BBC

A UN official in South Sudan has spoken of an atmosphere of fear and desperation as violence escalates.

Humanitarian Co-ordinator Toby Lanzer told the BBC about summary executions in Bor, in the restive state of Jonglei that has fallen to rebels.

He said that as well as people seeking refuge at the UN base there were many more hiding out in the bush.

Clashes broke out between troops loyal to President Salva Kiir and others backing his former deputy a week ago.

Meanwhile the US said it had evacuated its citizens from Bor.

Four US service personnel were wounded on Saturday when their aircraft were shot at, delaying an evacuation operation and prompting US President Barack Obama to consider further action.

“As I monitor the situation in South Sudan, I may take further action to support the security of US citizens, personnel and property, including our embassy, in South Sudan,” he said in a letter to Congress leaders on Sunday.

Earlier the South Sudanese army confirmed that Bentiu, the capital of oil-rich Unity State, had also fallen to troops supporting former Vice-President Riek Machar.

“Bentiu is not in our hands,” said military spokesman Philip Aguer.

President Salva Kiir has accused Mr Machar of attempting a coup.

‘Hundreds of thousands’

Mr Lanzer, who spent several days in Bor, said the problem of people seeking refuge was growing daily.

“I’m quite concerned that in a few days’ time we won’t be talking about tens of thousands, we’ll be talking about hundreds of thousands directly affected,” he said.

“It’s really very moving to see people just asking: ‘Can you please keep me alive?'”

Mr Lanzer added that there was a danger not just from fighting by conventional armies but from groups of youths who he said were simply “out of control”.

The government says it is trying to retake Bor, and the state has seen fierce fighting in recent days.

Two Indian peacekeepers and at least 11 civilians were killed in an attack on a UN compound in Akobo, Jonglei, on Thursday.

UN relocation

On Saturday Mr Machar said his forces controlled Unity State – whose oilfields are crucial to South Sudan’s economy.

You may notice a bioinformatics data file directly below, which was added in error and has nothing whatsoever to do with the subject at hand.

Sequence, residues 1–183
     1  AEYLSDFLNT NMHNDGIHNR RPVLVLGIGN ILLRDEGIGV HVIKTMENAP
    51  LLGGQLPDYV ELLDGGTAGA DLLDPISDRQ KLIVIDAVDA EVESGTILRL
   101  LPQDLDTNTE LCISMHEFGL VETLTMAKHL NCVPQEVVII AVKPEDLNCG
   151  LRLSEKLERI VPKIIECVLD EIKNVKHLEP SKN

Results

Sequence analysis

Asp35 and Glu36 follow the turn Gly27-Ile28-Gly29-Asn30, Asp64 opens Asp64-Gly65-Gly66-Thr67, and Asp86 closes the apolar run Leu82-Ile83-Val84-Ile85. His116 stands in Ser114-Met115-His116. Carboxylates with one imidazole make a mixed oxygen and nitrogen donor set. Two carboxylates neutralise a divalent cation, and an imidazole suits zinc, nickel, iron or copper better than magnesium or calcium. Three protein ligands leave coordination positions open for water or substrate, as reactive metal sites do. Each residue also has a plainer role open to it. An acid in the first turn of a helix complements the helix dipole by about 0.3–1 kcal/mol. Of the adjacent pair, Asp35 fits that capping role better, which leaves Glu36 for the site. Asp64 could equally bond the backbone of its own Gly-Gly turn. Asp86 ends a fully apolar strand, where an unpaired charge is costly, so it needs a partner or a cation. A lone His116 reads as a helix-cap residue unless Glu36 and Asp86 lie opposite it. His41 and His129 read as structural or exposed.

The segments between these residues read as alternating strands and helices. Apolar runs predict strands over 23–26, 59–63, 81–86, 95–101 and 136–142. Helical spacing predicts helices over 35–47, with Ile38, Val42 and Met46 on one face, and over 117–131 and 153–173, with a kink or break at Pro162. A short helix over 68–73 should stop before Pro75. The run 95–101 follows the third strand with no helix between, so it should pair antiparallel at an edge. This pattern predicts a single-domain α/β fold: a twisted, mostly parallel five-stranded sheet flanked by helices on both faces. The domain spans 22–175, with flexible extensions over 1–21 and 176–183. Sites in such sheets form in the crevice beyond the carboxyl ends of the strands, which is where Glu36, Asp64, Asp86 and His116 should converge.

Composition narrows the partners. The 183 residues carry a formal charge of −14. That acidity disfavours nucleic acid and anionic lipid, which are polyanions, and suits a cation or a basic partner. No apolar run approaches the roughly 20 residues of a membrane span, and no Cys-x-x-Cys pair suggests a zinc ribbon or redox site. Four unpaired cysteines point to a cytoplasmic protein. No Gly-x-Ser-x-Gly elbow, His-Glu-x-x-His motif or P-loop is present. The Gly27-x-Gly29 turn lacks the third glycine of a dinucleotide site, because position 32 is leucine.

Those reports could not be independently confirmed.

However, on Sunday Col Aguer told reporters: “Bentiu is in the hands of a commander who has declared support for Machar.”

He added that the number of people or wounded in the fighting was unclear.

Unity, a state on the border with Sudan, produces much of South Sudan’s oil, which accounts for more than 95% of the country’s economy.

Also on Sunday, the UN mission Unmiss said it had begun relocating staff from the capital Juba to the Ugandan city of Entebbe.

Juba has been tense since the unrest began last weekend.

Resident Mogga Lado told the BBC: “I was buying some things for my children in the market on Tuesday when I saw two people dressed in normal civilian clothes shot dead in front of me by people in military clothing.

“I don’t know if they were the army or rebels. I didn’t wait to see.”

Mr Machar told the BBC on Saturday that he was prepared to negotiate with the government if politicians arrested this week were released and transferred to a neutral country such as Ethiopia.

Mr Kiir also agreed to negotiations after meeting African mediators on Friday.

President Kiir, a member of the majority Dinka ethnic group, sacked Mr Machar, who is from the Nuer community, in July.

The violence which broke out in Juba last weekend has since spread, pitting gangs of Nuer and Dinka against each other.

UK Foreign Secretary William Hague said on Sunday that he was “very concerned at the situation in South Sudan”.

He added that it was “vital that all leaders urge restraint on their supporters and commit to a political resolution of their differences”.

Source:BBC